Ol’ Rail, photo & all text ⓒ Irene O’Garden, 2013
To listen to this post, please click here: Derailed and Rerailed
A derailment occurred on MetroNorth last week, the commuter train that I and thousands take in and out of Manhattan. Happily, there were no injuries—it was ten cars full of garbage–but it happened at the very narrowest, rockiest section of the railroad, blocking passage for three days. Yet by Monday everything was back to normal.
How on earth did they do it? You can see in a video The New York Times called “surprisingly fascinating.” I’ll share with you what interested me.
Using a huge crane, they lift a big freight box off a derailed car and settle it onto another car on the parallel track. It was almost like the old “15” puzzle, with only one small useable space.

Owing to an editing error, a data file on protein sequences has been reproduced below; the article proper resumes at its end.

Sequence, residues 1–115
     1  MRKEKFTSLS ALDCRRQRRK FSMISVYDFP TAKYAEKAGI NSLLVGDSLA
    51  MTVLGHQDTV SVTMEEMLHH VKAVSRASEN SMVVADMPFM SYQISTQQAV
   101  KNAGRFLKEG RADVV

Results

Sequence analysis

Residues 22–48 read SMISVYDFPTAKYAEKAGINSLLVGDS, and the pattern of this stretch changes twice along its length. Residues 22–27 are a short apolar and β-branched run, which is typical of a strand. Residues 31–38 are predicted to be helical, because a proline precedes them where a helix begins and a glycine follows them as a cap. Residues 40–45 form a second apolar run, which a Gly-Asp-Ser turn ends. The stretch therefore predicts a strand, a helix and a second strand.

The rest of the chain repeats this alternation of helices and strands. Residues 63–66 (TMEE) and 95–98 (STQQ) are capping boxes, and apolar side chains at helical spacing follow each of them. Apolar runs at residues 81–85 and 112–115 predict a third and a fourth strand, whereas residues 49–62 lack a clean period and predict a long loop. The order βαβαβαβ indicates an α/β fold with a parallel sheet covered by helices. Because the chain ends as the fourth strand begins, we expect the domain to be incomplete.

What was most revelatory to me was how they made that useable space. They dismantled a section of tracks! Seeing the rails and crossties all undone amazed me. Why? Because the railroad seems permanent. Not unlike certain systems of belief, which take our minds from place to place.
Even though we forget, both are made of components which can be disassembled when we get derailed. When our trains of thought are not smoothly conveying us where we want to go, we can jump the rails, or even reroute our whole journey.
It’s also grand to see how people of clever vision working together can accomplish what looks impassible and impossible.
What’s gotten you back on track?